4 Laws And Rules You Should Know Before You Build A Fence

24 March 2015
 Categories: , Blog


Are you thinking about building a fence around your property? Building a fence can be more complicated than you think; residential fencing needs to follow local rules as well as legal regulations. Here are a few things you might want to ponder before you begin your renovations.

1. Homeowner's Associations May Have Fence Limits

If you live in an area with a homeowner's association, you will absolutely need to check on their bylaws before you install a fence. Almost every HOA has regulations on what types of fence can be built, where they can be built, what color they can be and even what height they can be. Some stricter HOAs may even require that you go through a specific contractor for your fencing. 

2. Dividing Line Fences Often Need Neighborly Acceptance

If you're building a fence between two plots of land, you often need the acceptance of your neighbor. This is especially true in rural areas. Even if you don't legally need your neighbor to accept your fence, it's generally considered polite to talk to them about it -- the work will be going on directly next to them and they may want to check the dividing line themselves.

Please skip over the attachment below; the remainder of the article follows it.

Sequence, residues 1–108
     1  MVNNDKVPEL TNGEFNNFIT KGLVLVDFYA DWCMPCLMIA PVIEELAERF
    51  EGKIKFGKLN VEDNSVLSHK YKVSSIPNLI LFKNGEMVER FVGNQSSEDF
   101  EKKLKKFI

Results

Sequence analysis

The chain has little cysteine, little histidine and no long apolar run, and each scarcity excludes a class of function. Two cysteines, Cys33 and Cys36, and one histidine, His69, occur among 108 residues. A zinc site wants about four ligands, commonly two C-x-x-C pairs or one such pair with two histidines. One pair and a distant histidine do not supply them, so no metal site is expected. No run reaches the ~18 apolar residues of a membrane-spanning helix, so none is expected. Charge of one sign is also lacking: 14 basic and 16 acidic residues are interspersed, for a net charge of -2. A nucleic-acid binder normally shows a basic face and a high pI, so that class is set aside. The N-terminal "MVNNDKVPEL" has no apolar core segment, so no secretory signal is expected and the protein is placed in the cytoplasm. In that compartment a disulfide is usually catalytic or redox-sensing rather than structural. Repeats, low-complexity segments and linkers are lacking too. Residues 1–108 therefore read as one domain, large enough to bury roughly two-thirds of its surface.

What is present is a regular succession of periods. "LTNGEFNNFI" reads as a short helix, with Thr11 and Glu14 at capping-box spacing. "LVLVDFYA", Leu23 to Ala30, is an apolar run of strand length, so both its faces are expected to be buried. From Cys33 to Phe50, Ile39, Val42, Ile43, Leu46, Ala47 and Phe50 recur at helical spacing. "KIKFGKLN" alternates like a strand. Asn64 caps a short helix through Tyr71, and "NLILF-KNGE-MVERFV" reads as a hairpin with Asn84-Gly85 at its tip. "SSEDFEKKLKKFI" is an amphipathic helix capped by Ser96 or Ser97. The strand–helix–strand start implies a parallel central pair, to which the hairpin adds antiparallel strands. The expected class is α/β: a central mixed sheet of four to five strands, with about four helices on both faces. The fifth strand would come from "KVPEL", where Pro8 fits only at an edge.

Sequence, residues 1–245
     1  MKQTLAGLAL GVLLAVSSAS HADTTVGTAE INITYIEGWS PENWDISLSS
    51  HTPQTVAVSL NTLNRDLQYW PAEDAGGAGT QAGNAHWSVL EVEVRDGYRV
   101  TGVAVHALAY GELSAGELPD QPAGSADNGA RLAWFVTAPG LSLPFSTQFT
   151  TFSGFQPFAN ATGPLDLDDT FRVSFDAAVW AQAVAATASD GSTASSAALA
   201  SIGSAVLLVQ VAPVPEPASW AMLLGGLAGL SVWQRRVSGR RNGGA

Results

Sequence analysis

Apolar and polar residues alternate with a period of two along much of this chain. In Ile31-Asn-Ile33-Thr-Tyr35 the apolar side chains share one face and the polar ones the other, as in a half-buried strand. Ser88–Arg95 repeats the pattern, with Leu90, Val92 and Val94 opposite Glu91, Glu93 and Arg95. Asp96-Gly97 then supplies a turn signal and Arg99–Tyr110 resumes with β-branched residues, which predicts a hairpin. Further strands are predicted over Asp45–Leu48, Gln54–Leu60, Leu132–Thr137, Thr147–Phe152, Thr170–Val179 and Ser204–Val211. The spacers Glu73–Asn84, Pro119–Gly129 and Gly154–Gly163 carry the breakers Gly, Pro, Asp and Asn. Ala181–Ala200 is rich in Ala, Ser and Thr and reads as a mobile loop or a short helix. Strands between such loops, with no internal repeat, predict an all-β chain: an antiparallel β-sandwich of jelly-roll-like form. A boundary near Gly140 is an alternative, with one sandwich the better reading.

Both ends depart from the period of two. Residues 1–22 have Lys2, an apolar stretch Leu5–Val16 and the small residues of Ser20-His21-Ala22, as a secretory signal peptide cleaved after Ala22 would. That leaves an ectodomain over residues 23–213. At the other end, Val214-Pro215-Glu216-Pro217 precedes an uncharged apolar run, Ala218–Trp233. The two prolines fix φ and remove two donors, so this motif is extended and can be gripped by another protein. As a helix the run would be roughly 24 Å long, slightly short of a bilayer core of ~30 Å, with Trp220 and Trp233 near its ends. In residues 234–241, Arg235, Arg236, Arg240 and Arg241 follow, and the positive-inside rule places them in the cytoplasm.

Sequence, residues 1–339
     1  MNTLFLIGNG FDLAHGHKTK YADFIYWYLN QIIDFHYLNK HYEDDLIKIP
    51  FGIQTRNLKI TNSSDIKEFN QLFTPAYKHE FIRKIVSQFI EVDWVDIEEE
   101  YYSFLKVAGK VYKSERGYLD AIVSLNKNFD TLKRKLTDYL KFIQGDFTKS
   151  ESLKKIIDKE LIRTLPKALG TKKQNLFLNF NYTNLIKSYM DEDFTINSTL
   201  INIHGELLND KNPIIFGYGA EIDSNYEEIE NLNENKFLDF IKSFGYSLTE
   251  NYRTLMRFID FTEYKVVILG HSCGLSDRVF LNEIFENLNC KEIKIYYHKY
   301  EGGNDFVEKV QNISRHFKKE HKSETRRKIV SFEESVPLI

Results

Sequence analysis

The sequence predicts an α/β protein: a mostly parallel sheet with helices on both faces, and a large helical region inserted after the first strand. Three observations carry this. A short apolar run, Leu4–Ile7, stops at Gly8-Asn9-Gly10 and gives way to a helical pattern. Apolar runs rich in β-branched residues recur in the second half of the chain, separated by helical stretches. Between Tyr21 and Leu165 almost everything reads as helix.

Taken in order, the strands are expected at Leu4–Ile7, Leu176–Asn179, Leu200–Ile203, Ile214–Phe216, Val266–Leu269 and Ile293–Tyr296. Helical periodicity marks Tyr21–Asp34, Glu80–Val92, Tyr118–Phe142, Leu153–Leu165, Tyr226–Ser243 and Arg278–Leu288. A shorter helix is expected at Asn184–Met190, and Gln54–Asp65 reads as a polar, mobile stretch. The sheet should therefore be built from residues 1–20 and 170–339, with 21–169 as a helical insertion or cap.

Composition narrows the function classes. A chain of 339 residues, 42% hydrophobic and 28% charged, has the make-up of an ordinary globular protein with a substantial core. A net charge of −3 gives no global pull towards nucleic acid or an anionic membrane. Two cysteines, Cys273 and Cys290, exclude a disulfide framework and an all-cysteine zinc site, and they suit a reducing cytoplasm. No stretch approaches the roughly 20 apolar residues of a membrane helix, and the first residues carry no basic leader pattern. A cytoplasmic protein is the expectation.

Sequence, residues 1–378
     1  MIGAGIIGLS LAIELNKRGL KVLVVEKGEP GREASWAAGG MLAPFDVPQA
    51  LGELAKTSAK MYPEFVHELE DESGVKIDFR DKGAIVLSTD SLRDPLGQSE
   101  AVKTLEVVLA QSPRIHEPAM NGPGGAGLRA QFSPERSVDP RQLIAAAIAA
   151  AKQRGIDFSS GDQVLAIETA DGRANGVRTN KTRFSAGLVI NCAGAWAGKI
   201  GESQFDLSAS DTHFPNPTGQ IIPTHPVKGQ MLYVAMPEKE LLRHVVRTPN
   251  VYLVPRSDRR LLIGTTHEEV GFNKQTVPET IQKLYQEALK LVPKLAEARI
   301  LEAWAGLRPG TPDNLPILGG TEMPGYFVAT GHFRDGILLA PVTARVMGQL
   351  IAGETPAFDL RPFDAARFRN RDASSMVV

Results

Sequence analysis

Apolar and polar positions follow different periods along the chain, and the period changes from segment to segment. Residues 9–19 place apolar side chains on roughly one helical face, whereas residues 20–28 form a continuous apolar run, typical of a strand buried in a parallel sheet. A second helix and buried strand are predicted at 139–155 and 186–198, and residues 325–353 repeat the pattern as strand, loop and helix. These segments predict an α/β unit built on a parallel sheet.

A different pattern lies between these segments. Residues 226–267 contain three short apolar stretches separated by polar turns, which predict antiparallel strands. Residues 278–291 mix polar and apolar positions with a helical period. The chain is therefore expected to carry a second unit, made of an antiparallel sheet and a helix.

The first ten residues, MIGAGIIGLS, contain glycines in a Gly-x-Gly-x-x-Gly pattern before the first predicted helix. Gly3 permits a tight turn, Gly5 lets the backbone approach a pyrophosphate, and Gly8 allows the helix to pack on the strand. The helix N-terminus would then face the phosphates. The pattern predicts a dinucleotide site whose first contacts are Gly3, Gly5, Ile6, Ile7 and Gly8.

3. Fences Can Change Your Property Line

You need to be absolutely certain of your property line before you build a fence. If you build your fence too close to your home and your neighbor begins to make use of the property on the other side, your neighbor may eventually be able to claim some of your property as their own. (The opposite is also true; if your fence falls into your neighbor's yard and remains that way uncontested for some time, you may eventually be able to claim that property as your own.) Consequently, you should double check your documents first.

4. Fences Need to be Safe

As a fence is on your own property, you might be tempted to think that its structure doesn't matter. But a fence should always be built by a residential fencing company because it still needs to be safe. If your fence is dangerous, it could be a liability; should a visitor or neighbor be injured by your fence, you could be considered liable for their medical costs.

The easiest way to determine your local laws and regulations regarding fencing is to contact the residential fencing company (such as Town & Country Fence) themselves. Many of them will be able to direct you to the information that you need.